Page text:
Caribbean Commune

A new resort in the island of St Kitts and Nevis is pushing the boundaries of sustainable living and changing how the wealthy holiday

Tourism-based economies have been vulnerable in the past. The tiny Caribbean island of St Kitts and Nevis, however, which had previously been dependent on the sugar industry until 2005, when it failed due to falling profits, is now a blueprint for surrounding Caribbean nations.

A key to its success has been its government-sponsored Citizenship by Investment Program (CBI). Foreign investors and their families can apply for St Kitts and Nevis citizenship, allowing them visa-free travel to more than 120 countries, including Canada and the UK – a golden ticket for Chinese, Middle Eastern or Russian investors.

St Kitts has the longest running and most established of all the CBI programmes worldwide and “has allowed the government to attack growth from several directions,” according to Denzil Douglas, prime minister for St Kitts and Nevis.

It also acts as a blueprint for European countries like Bulgaria, Hungary and Cyprus, which have emulated St Kitts model to attract wealthy foreign investors to their shores through Immigrant Investment Programs (IIPs). And closer to home, many neighbouring Caribbean countries have followed suit in a bid to help their ailing economies.

Where the tiny island of St Kitts’ strength lies, though, is not in its sole ability to carve out effective immigrant legislation for the wealthy but its relentless pursuit of sustainable living.

“The best asset of this island is its natural beauty and we want to preserve it,” says Val Kempadoo, a former horticulturist, organic farmer and the property developer behind Kittitian Hill, the focal point of a sustainable living project on the island.


The 162-hectare development has four hotels, an organic farm, an ‘edible’ golf course built on organic farmland, restaurants, spa as well as film studios for the local community. The Caribbean-born entrepreneur hopes Kittitian Hill will become a benchmark of sustainability for other large-scale developments.

“Working with the community is crucial to the Kittitian Hill business model, which has been developed to be economically sustainable and based on fair trade principles, active local recruiting, training and collaboration,” says Kempadoo.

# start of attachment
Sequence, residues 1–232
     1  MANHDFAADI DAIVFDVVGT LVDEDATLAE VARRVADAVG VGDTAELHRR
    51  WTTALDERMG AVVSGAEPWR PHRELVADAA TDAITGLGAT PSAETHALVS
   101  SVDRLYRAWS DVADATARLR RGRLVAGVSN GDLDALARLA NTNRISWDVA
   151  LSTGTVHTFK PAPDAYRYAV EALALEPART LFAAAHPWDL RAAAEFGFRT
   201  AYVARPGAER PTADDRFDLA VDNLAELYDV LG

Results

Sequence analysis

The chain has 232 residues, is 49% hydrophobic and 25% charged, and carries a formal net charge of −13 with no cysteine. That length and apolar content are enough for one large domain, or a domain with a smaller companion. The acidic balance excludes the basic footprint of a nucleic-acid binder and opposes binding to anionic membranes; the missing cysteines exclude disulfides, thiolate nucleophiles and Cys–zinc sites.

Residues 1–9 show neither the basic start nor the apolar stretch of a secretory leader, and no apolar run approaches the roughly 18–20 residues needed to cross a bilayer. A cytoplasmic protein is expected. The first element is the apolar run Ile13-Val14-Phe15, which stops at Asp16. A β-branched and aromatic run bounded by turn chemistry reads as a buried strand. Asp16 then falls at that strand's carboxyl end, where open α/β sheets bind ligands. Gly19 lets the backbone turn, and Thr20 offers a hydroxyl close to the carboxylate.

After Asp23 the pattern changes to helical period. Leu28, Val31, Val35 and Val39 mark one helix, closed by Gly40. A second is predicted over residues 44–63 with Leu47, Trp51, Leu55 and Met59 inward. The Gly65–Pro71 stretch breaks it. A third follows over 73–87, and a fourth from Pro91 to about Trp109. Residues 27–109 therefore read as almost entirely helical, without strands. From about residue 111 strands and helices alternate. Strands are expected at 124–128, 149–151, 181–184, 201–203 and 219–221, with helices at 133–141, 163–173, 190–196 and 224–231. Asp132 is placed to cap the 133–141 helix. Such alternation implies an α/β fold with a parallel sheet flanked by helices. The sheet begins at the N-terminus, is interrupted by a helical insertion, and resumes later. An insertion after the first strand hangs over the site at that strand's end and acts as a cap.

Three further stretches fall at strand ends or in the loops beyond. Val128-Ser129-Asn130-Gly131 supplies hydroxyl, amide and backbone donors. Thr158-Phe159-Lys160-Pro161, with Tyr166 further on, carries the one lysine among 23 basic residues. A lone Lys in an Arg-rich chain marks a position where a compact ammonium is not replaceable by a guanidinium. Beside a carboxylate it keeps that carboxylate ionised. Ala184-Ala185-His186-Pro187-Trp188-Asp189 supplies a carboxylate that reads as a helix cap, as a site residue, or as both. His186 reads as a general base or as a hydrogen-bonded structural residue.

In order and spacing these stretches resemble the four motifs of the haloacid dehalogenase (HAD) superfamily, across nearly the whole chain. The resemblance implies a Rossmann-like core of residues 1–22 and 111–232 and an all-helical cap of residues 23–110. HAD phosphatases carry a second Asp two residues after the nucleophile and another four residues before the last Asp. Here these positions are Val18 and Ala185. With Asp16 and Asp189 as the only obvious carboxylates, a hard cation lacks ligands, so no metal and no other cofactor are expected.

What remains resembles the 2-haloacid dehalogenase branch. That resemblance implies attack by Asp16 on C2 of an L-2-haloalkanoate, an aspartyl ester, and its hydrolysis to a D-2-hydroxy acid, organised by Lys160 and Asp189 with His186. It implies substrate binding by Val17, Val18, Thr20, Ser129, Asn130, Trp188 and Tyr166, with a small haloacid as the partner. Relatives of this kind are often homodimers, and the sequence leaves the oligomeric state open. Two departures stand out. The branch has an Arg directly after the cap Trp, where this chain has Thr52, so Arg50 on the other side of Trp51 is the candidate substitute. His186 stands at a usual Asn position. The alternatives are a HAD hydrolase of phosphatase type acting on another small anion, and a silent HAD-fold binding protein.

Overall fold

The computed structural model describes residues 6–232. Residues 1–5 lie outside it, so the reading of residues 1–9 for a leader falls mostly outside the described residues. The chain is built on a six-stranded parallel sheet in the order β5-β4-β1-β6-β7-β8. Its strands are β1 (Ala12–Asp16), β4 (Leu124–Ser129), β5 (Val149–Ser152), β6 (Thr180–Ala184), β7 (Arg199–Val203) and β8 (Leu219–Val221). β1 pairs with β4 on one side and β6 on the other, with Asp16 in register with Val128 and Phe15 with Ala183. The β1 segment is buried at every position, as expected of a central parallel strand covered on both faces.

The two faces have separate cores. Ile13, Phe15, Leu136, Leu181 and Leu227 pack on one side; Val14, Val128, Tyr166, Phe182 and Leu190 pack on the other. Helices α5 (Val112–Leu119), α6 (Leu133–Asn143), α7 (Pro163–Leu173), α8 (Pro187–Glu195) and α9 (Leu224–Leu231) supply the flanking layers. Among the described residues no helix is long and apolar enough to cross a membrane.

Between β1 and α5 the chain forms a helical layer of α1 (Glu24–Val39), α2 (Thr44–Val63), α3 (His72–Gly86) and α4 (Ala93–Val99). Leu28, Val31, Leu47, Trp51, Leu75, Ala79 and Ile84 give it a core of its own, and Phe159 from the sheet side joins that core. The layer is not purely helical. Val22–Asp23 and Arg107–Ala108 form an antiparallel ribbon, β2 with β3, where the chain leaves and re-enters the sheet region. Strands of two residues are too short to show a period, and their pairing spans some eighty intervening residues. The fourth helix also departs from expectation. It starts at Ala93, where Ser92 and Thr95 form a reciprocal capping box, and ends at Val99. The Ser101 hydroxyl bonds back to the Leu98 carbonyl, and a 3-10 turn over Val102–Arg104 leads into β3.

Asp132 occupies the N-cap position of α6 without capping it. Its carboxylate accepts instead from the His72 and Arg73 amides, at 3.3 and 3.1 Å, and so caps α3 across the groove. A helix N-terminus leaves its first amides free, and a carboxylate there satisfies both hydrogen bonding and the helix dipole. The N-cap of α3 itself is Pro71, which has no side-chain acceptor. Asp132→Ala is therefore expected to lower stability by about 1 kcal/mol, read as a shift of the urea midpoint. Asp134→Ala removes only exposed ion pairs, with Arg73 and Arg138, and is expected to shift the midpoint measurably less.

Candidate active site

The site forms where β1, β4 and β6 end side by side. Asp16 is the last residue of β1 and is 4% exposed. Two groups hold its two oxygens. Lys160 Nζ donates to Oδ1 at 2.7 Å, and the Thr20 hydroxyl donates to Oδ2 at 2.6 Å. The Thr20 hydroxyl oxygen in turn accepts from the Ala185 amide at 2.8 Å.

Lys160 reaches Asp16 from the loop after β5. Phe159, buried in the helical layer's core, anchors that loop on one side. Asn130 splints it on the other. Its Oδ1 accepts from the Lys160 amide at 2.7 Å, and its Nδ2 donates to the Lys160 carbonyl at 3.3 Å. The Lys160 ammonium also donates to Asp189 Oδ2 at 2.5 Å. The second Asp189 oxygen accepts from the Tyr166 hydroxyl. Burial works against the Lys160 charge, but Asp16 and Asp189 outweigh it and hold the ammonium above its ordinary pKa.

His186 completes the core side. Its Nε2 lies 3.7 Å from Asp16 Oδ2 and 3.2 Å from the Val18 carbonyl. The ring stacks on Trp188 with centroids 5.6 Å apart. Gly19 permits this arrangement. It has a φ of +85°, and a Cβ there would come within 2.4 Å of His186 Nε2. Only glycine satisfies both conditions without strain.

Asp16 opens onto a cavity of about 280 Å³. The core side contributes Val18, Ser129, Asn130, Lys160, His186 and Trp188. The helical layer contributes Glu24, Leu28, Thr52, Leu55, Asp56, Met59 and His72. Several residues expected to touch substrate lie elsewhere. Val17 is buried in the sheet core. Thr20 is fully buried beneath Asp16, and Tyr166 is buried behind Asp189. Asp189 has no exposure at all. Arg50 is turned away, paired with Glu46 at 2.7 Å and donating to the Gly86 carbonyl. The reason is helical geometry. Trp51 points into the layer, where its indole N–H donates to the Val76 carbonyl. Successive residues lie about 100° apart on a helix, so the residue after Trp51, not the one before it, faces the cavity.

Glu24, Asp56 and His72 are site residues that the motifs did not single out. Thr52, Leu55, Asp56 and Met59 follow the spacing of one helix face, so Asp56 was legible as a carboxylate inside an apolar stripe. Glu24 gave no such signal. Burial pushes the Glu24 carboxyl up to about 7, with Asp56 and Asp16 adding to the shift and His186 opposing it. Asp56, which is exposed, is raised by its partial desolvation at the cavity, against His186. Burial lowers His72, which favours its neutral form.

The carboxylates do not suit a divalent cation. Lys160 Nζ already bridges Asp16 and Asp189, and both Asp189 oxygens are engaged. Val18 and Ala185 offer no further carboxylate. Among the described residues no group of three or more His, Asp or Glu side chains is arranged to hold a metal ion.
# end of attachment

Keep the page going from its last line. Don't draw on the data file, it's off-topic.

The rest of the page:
In line with this business model, Kittitian Hill is creating an academy to train locals in hospitality whilst employing local contractors to build the project. That means that the millions of dollars spent on constructing the development are feeding back into the local community and having a direct impact on the local economy.

“We are aspiring to make Kittitian Hill a hub for creative arts for the Caribbean and for the world,” says its creator. To that end, Kittitian Hill has incorporated a film institute, a residency programme for artists and writers throughout the year and will host music, art, culinary and literary festivals for guests and locals in the development’s village, which is due for completion in late 2015.

So will the creative liberal ethos of the resort translate to the clientele?

Kempadoo says he is targeting high-end rather than high volume but is aiming for a less conservative clientele: “Our guests are progressive, edgy, arty – filmmakers and advertising executives. They go to the Tate Modern, eat in farm-to-table restaurants and like art, culture and travel.

“People today are seeking authentic experiences. They do not want to have a holiday which they feel is imposed on a destination but want to feel integrated and meet the local people.”

That all-round experience goes right through to the menus, where the recently appointed chef Christophe Letard makes the Kittitian Hill organic farm-to-table philosophy a reality. Spearheading the commitment to a sustainable cuisine where the approach to food is seasonal and local, he will create daily menus with locally and regionally inspired fare, all prepared with fresh ingredients directly foraged from the onsite Belle Mont Farm and seafood sourced from fishermen in the community.

Meanwhile, the spa, which will also open towards the end of next year, is set to become a destination spa in its own right with 16 treatment rooms and four specialist rooms, all designed in vernacular Kittitian style. The spa team is currently researching all the local and regional indigenous treatments in order to offer a menu that is rooted in the history and culture of the area.

For Kempadoo, the real success story will the legacy of Kittitian Hill, which has already attracted attention from other Caribbean governments keen to do similar projects. However, he is mindful it is still in its infancy and has plans for future projects, including Kittitian Hill Institute, a place for aspirational thinkers to gather.

“It is important for St. Kitts to be selective and careful about development and focus on high-end rather than high volume tourism,” he says.

“We designed not just buildings and landscapes, we designed Kittitian Hill to be an experience unlike any other in the world.”